"One of the things that separates elite athletes from the rest is self-knowledge -- they know when to train hard and when to rest. They know how to apportion energy in a race, when to apply pressure and when to let others do the work." Bicycling, December 1989.
Three years after joining Amoco I was asked to write an article that could be shared with new hires on how to make "The transition from college to the workplace". The outcome was this article, published in Visions (Quarterly magazine about people using information technology) in Spring 1991 almost 25 years ago. I find relevance today not just in the initial transition but in sustaining a career. Excerpt ...
The Tour De France, has a number of parallels, in how to be part of a winning team!
- a selection process is involved to qualify
- preparedness; you do not enter a race unprepared
- you can have individual accomplishments along the way
- you have the opportunity to learn from your mistakes and still be in the race
- you win when the team wins
Ready, get set..
First we had to qualify for this race. We were selected to be a part of a great team. The company invested significant resources in the recruiting process to select the best candidate -- YOU. Go!
The team ...
The idea of team is critical to succeeding in the race. Greg LeMond was not good at everything; he knew his strengths and weaknesses and played his strengths to the fullest. He provided a greatperformance at the Tour de France in 1990, but he recognized that the team's contribution was also important. When the team wins, you win. Being your best is probably the most significant contribution you can ever make to the team. Getting to know your team members is important. Give them an opportunity to get to know you also.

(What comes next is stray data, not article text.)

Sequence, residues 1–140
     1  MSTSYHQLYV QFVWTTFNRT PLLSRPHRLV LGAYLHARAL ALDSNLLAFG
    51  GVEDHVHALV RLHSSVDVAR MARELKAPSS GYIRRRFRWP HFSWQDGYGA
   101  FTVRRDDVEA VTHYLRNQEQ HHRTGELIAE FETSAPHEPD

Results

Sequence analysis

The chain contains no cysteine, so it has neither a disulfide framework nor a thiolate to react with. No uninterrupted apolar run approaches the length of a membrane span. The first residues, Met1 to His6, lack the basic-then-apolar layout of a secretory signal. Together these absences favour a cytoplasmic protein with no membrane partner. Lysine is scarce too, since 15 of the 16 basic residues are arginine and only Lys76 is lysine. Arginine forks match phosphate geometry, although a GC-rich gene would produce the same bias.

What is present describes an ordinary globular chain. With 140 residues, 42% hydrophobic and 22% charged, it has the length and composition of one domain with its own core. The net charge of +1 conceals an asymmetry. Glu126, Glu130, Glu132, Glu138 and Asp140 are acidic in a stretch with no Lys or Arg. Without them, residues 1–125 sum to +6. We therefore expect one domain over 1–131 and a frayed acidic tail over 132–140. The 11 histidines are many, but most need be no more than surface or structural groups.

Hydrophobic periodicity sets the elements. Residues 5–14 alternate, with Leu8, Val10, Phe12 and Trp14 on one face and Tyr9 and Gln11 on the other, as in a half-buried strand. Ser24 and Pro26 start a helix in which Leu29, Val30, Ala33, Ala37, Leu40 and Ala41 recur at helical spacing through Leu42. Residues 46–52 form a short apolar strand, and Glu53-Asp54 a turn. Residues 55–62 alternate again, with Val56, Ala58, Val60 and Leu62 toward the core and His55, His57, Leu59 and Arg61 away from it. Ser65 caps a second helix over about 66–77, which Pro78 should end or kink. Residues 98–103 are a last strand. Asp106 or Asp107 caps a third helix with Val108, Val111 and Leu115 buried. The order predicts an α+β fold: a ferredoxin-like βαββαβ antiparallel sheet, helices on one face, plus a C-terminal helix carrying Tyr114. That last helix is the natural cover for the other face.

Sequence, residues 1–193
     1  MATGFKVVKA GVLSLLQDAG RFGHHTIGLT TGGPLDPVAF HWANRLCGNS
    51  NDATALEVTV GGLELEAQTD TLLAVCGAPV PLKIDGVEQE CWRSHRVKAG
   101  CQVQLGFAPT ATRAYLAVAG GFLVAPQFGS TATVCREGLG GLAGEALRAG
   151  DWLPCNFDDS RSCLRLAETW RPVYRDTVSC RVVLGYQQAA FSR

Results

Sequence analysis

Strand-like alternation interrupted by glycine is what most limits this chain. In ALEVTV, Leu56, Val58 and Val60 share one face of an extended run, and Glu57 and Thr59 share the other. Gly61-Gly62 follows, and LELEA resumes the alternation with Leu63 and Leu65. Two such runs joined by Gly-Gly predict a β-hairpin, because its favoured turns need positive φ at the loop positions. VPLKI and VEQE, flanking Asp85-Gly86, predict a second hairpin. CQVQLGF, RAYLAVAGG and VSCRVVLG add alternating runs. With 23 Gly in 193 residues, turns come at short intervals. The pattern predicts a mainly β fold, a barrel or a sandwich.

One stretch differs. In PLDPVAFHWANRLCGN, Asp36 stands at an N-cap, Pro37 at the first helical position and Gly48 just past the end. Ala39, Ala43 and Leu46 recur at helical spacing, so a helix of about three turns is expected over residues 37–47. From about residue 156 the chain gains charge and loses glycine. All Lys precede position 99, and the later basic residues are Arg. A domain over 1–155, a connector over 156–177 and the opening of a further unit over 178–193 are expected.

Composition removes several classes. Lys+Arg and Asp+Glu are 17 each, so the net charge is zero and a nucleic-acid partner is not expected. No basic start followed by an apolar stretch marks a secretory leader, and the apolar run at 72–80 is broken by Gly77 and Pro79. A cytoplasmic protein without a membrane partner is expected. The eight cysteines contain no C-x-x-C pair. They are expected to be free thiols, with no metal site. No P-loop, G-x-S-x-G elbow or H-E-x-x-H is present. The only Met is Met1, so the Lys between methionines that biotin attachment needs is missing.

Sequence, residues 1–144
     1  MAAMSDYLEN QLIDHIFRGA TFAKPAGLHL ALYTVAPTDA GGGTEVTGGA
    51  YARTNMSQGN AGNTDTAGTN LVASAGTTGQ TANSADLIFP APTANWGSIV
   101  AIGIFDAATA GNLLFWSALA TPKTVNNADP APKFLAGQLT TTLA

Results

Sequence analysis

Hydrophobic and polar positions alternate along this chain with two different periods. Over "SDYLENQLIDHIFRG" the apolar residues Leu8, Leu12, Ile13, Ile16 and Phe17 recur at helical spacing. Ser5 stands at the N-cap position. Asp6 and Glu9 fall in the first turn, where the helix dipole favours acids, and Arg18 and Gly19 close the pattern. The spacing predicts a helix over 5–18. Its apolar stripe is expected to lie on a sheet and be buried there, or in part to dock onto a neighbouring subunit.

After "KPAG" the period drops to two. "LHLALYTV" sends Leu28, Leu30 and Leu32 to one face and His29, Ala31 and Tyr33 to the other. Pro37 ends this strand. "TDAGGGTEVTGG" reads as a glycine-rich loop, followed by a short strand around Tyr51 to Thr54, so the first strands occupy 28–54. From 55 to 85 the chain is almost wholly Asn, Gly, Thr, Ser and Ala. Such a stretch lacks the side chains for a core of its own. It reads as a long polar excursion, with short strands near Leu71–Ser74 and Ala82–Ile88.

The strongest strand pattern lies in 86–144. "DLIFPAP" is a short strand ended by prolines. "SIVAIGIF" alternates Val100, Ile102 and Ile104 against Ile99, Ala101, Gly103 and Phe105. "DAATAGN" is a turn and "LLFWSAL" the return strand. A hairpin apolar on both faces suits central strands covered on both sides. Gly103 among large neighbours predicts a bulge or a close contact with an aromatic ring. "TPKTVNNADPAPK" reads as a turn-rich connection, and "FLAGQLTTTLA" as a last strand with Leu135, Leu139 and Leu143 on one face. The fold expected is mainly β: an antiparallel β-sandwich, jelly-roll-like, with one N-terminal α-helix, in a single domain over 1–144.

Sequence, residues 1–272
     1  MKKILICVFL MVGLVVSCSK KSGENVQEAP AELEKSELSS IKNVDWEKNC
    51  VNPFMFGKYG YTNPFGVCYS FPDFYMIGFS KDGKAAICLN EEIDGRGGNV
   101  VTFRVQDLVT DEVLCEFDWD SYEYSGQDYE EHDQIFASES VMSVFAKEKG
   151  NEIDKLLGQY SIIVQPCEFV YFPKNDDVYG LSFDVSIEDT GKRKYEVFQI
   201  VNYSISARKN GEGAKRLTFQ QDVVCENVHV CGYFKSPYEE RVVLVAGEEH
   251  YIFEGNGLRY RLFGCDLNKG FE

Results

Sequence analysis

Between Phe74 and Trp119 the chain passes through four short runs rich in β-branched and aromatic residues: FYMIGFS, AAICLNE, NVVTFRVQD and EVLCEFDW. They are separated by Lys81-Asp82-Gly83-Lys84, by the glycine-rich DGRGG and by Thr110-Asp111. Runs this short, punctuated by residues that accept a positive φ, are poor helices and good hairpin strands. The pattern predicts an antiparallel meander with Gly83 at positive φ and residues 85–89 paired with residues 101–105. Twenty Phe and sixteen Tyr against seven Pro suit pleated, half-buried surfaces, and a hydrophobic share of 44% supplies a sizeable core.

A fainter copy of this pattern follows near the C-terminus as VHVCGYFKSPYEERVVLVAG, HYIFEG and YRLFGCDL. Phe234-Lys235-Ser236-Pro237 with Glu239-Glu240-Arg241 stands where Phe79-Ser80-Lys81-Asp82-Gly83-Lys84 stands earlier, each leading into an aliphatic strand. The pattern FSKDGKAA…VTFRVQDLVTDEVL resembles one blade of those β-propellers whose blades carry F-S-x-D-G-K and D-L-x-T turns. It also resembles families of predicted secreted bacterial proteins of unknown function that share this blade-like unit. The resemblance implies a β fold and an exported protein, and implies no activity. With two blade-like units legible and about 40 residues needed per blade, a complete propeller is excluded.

Every team player has individual goals. Your individual goals are created by your coach based on the "corporate" goals for the team. Your team lead's role is to counsel and guide, but you are responsible for ensuring that the right goals are set for you. You cannot be expected to set the pace in the mountains, if your forte is the plains. Communication is key. If you feel you are ready for a more important role in the race, or that your skills are not adequately used, then you should talk to your leader to set mutually agreeable goals. Your accomplishments along the way should be measured in "stages". Recognition and reward processes allow you to "wear the yellow jacket" to acknowledge outstanding achievement during the race.
Don't get discouraged. Remember your goals. There will be hurdles along the way, with mountains to climb (that is part of the challenge of being in the race). But there will also be times when the wind will be at your back and you're experiencing great success. The Tour can not be won in a day, be patient. Don't get discouraged; remember the team. There will be times when you will have to encourage your team members, and there will be timeswhen they will reciprocate. Some of your team members may be ahead of you now, others behind you ,and yet others moving at your pace. Know where your team members are in the race. But they have their own goals to meet, and you have yours. Individual consistent effort, and determination pay off because in the end everyone is aligned with the team goal to win.
Enjoy the race...
You chose to be part of the team. Take time out to acknowledge your accomplishments. Look at where you started and how far you have progressed. Thank those who have helped you and are cheering you on to reach your full potential, and reach back and help others.
Look 'forward' to your future challenges... the race is not over.
K.N.O.W.L.E.D.G.E is what it takes to make it and keep going..